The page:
Nuclear AMRC appoints managing director

The Nuclear Advanced Manufacturing Research Centre has appointed respected industry professional Andrew Storer as managing director to further strengthen the centre’s support for UK manufacturers.

Andy Storer

The appointment comes at a crucial time for the UK civil nuclear industry. With the new build programme poised to move forwards, a heightened focus on the clean-up of high hazard waste at legacy nuclear facilities, and the need to support the life extension of the existing nuclear fleet in the UK, the Nuclear AMRC is committed to increasing its support for UK supply chain competitiveness.

Andrew Storer has been programme director for Rolls-Royce’s civil nuclear business for the past six years, leading customer engagement and bids with new build developers. He also leads a number of supply chain development initiatives for the Nuclear Industry Council.

He joins the Nuclear AMRC as managing director from 12 October 2015, and will be responsible for day-to-day leadership of the Nuclear AMRC.

Storer says: “I am delighted to be joining the Nuclear AMRC at such an exciting time for the UK nuclear industry. The opportunities that lie ahead for the UK supply chain are varied and vast. The Nuclear AMRC has a key role to play in ensuring that companies are able to step up to the challenge, to secure a profitable and sustainable future in the UK, while establishing a robust export growth opportunity.”    

The appointment allows Nuclear AMRC chief executive officer Mike Tynan to focus on strategic issues including the Nuclear AMRC’s role in supporting development of small modular reactors (SMRs) for the UK market, and enhanced support for manufacturing clusters close to the UK’s new build sites in Somerset, North Wales and West Cumbria.

Tynan says: “Andy’s appointment is a tremendous boost for Nuclear AMRC at a time when it is crucial that we fully support UK companies in their drive to compete for work in the global civil nuclear market.

“Andy Storer brings unique experience to lead efforts at Nuclear AMRC to assist UK suppliers and developers. Andy is an established nuclear industry professional with an excellent track record in the complex environment of nuclear supplier development, government support and industrial application. He will be a valuable asset to the Nuclear AMRC and will further strengthen our ability to support UK industry.”

Ceramic tools can keep cool

Nuclear AMRC machining specialists are investigating the use of ceramic cutting tools with high-pressure coolant, a combination which could deliver significant improvements in production efficiency.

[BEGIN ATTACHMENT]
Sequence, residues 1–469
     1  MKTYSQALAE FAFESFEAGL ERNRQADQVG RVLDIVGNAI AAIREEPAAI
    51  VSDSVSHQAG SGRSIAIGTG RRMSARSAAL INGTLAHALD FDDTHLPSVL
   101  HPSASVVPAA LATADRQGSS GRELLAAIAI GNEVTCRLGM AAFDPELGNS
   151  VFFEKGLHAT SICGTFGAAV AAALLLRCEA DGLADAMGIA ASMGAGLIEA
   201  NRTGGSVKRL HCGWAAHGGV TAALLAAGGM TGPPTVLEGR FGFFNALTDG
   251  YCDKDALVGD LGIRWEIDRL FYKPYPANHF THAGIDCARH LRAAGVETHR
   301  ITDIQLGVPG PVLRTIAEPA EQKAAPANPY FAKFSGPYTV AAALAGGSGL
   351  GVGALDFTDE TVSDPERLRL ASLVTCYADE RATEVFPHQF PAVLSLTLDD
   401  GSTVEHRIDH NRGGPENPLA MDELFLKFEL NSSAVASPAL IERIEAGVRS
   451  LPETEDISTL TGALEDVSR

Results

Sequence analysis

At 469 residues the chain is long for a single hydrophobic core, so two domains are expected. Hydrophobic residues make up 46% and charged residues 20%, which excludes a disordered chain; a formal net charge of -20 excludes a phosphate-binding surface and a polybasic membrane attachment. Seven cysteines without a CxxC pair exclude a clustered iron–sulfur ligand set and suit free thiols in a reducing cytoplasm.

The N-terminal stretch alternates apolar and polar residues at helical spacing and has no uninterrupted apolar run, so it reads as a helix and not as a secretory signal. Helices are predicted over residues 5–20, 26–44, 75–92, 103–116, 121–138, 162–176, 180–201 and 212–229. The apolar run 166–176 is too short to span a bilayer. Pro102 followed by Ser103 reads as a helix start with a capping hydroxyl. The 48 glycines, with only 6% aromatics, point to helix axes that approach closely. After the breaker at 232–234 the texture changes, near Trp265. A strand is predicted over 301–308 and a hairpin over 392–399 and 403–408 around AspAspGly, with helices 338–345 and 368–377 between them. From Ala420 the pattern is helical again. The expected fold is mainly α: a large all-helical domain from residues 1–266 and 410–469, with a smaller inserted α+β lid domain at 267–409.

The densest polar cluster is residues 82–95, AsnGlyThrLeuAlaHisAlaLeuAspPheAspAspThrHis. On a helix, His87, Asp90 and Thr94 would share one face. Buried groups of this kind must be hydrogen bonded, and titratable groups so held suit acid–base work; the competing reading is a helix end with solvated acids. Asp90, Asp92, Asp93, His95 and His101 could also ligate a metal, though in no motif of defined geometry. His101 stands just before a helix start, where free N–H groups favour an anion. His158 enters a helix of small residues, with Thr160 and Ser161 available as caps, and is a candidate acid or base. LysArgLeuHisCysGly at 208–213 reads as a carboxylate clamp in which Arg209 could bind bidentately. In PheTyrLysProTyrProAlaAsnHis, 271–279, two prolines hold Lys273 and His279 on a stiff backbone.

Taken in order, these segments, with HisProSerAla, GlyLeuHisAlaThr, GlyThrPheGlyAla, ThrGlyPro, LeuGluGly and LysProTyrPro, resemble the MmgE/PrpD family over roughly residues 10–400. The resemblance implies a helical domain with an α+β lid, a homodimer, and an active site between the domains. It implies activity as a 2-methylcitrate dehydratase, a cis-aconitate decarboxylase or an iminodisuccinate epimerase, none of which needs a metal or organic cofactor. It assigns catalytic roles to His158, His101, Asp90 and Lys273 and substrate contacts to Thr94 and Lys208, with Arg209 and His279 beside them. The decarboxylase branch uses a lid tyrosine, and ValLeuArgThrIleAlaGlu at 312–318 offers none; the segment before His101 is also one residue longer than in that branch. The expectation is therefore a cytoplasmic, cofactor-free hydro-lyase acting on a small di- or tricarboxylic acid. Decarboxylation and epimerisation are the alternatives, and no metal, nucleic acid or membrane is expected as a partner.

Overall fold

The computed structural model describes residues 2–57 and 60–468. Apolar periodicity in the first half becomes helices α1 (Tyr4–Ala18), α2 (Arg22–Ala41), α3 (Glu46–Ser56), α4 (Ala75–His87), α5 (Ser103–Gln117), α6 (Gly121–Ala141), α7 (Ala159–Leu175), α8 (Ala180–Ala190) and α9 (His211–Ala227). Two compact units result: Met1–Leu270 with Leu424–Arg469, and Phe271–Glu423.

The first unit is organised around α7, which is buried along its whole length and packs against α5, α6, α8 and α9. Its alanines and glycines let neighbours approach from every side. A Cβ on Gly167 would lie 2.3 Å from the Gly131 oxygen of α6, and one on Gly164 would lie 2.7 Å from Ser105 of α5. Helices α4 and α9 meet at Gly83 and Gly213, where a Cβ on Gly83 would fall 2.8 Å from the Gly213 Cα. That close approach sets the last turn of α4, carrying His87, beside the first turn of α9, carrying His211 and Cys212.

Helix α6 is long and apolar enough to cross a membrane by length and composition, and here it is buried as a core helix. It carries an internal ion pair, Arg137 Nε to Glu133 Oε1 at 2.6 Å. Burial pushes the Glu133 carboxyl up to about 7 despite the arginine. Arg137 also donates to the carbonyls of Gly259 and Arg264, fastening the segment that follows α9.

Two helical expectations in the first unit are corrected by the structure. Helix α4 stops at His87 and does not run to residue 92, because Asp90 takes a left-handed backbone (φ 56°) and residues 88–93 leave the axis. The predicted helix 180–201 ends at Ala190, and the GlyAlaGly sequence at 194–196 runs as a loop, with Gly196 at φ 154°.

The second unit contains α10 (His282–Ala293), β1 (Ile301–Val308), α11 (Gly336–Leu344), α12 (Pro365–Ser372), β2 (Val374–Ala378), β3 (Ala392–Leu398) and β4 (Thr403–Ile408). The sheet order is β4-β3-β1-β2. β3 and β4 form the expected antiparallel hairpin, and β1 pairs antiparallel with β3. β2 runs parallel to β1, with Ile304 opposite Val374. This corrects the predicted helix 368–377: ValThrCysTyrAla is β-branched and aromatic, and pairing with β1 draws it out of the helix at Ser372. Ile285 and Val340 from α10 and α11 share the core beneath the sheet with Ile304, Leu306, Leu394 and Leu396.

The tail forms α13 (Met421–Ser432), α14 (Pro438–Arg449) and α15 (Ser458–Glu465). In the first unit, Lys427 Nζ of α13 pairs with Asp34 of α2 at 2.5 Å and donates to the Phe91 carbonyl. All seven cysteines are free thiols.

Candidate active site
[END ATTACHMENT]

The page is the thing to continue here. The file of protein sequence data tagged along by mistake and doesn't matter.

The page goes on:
ceramic trialCeramic inserts are used in industries such as aerospace for their excellent wear resistance at high cutting speeds on hard-to-machine heat-resistant alloys. They are often used without any coolant, to maintain the localised heat required to cut alloys such as Inconel.

Coolant can still bring benefits to ceramic machining by increasing tool life, but its delivery has to be carefully managed to avoid fracturing caused by thermal shock.

The Nuclear AMRC is working with tier one member Sandvik Coromant to test tooling which combines ceramic inserts with high-pressure coolant delivery, and to optimise cutting conditions for applications in the civil nuclear supply chain.

“Working in partnership with the Nuclear AMRC provides a perfect collaborative environment to identify, design, test and deliver a fully optimised component solution,” says Steve Weston, advanced machining application centre manager for Sandvik Coromant.

The project is focusing on Inconel, a nickel-based heat-resistant alloy widely used in reactor components and jet turbines.

“Inconel’s superior yield and tensile strength make it extremely difficult to machine effectively,” says Eva McLeod, project engineer at the Nuclear AMRC. “This research will expand our knowledge of new machining techniques, develop effective methods of machining difficult materials, and help us understand more about the benefits of using ceramic inserts such as improved surface quality and reduced machining time.”

Initial trials on the Nuclear AMRC’s Hermle C60 mill-turn centre have shown that the concept of combining ceramic inserts with high-pressure coolant is sound, delivering a significant increase in metal removal rate.

The ongoing project will aim to define optimal cutting conditions for a range of materials and applications, and to build a business case to show the cost and time advantages of the technique.


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